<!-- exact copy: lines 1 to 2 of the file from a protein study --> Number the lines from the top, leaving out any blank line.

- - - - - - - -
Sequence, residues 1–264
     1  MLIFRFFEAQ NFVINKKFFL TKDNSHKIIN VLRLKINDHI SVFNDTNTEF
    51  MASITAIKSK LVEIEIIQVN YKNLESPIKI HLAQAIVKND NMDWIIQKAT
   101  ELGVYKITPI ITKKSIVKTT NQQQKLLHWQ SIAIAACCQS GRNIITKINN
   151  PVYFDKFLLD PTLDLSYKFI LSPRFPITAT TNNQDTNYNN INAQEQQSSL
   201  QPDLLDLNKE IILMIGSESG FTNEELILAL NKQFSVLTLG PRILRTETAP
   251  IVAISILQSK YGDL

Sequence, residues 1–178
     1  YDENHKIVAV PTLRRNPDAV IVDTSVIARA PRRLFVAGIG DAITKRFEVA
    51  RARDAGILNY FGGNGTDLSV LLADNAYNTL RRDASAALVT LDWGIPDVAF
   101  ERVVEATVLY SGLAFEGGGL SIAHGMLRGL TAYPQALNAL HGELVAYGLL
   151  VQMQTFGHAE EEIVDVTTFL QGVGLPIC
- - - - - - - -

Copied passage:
Sequence, residues 1–264
     1  MLIFRFFEAQ NFVINKKFFL TKDNSHKIIN VLRLKINDHI SVFNDTNTEF